Back in full swing on The Rhapsody Tour, following a lengthy Covid-19 hiatus, Queen + Adam Lambert returned to the United Center in Chicago on Oct. 30 for the first show of a two-night stand. Original guitarist Brian May and drummer Roger Taylor are certifiable rock legends and were accompanied by a trio of musicians who provided support on bass guitar, keyboard and percussion. Adam Lambert is one of a few singers who have the ability to properly front Queen, and he does so through his own lens. His vocals were pristine, effortlessly replicating Mercury’s pitch, range and falsetto while not attempting to mimic Mercury’s vibrant stage presence. Rather, Lambert’s own personality shines brightly, none more so than his take on “Bicycle Race” as he lounged charismatically on a rotating blinged-out chopper; and again with gestures and facial expressions conveyed across the brilliant ultra high-def displays during “Killer Queen.”
A stripped down solo-acoustic “Love of My Life” was a stark contrast to the pyro-infused visual spectacle “A Kind of Magic” from earlier in the set, but offered May an opportunity to showcase his vocals on a touching tribute to Freddie that concluded with the late iconic singer alongside May for the final verse. Taylor took lead vocals during “I’m In Love With My Car” and was front-and-center on the b-stage for a drum solo. He remains in that position, filling in for David Bowie on vocals, during the duet “Under Pressure.” The addition of May to the smaller platform contributed a touch of intimacy to the set as the trio broke into an updated version of “Crazy Little Thing Called Love."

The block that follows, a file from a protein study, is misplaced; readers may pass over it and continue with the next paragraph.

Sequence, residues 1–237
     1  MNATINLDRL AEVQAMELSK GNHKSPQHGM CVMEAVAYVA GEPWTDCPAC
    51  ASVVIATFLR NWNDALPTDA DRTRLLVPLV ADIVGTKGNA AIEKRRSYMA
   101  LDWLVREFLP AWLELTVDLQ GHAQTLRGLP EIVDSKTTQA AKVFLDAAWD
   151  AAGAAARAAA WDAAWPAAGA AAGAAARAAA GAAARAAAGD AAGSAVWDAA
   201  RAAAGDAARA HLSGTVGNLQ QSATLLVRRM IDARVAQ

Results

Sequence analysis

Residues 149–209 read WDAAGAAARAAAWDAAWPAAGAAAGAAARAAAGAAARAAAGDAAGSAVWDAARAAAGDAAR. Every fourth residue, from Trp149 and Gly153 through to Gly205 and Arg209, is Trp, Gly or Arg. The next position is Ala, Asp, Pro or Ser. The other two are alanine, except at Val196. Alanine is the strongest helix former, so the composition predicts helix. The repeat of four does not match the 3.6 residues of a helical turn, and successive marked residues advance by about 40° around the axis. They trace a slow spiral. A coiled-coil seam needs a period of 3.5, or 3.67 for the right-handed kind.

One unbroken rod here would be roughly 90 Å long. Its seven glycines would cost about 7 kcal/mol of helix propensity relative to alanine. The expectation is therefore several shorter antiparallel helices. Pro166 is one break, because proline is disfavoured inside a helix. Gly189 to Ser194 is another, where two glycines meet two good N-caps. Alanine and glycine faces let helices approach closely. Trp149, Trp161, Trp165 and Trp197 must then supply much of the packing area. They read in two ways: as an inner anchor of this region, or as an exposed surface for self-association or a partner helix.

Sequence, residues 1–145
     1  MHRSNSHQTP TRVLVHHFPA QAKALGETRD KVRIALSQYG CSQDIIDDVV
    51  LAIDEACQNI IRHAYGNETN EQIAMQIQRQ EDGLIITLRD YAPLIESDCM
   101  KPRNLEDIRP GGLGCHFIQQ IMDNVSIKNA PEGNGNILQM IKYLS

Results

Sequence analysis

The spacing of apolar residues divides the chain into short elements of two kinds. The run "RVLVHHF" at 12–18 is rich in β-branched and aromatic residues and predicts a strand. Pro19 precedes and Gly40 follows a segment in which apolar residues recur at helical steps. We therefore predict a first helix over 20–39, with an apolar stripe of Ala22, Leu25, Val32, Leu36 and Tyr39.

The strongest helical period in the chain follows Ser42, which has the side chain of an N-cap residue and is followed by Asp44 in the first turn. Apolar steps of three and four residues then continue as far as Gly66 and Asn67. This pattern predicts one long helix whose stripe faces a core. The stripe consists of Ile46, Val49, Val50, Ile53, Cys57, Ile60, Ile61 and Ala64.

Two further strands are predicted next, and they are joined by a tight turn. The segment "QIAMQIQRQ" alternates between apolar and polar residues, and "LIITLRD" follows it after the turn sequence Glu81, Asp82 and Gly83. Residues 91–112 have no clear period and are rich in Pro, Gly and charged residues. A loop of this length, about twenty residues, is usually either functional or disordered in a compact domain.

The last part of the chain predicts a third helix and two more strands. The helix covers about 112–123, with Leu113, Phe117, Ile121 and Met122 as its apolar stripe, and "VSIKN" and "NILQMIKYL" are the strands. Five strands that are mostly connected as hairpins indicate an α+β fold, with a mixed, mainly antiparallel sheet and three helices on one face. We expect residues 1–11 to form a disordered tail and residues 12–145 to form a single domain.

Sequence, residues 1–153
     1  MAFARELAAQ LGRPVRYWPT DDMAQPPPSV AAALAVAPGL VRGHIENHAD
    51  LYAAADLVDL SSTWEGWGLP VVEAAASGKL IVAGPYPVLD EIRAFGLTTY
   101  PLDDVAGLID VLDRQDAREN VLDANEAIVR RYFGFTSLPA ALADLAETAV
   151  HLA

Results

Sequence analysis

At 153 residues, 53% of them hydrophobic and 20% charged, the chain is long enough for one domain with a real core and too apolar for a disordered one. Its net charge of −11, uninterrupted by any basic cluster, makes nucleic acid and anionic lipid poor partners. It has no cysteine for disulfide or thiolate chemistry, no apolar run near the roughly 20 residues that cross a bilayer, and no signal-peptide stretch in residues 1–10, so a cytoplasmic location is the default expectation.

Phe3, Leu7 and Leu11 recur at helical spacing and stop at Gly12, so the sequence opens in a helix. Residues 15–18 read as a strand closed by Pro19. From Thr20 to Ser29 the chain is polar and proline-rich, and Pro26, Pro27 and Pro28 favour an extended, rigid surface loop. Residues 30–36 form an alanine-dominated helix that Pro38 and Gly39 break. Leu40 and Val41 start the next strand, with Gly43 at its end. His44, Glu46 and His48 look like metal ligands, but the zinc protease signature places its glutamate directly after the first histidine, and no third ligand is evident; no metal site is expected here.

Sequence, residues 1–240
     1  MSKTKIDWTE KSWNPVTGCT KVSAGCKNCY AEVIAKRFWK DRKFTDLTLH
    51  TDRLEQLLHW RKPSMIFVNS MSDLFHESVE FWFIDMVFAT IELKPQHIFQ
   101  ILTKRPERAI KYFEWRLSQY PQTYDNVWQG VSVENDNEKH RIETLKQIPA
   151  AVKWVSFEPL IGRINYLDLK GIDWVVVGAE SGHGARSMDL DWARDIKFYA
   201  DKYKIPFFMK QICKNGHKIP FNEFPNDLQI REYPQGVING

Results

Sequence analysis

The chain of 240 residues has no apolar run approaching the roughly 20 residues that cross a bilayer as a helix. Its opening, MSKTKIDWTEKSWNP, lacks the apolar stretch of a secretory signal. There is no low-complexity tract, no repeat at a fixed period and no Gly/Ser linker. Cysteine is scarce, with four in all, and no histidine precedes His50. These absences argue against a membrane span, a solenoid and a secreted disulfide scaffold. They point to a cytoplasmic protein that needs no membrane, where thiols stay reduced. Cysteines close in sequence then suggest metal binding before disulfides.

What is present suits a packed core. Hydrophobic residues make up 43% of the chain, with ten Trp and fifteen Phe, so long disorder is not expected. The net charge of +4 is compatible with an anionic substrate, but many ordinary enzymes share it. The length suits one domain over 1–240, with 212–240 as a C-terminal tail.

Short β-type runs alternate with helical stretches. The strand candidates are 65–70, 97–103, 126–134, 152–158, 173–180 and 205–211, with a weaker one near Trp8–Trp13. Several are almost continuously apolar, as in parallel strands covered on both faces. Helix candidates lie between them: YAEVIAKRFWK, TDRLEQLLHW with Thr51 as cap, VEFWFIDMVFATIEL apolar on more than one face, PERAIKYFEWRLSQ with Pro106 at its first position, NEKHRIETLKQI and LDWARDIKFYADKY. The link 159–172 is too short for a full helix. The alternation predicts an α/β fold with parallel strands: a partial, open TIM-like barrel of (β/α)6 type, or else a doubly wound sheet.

Tributes to Freddie, both subtle and blindly obvious, brought the performance full circle with state-of-the-art production. From the aforementioned “Love of My Life” to showstopper “Bohemian Rhapsody,” visual snippets and timely audio tracking remind us that Freddie was truly larger than life. The Rhapsody Tour continues the North American leg, concluding in Los Angeles on Nov. 12.
See photos from the Chicago show below, by Dan DeSlover.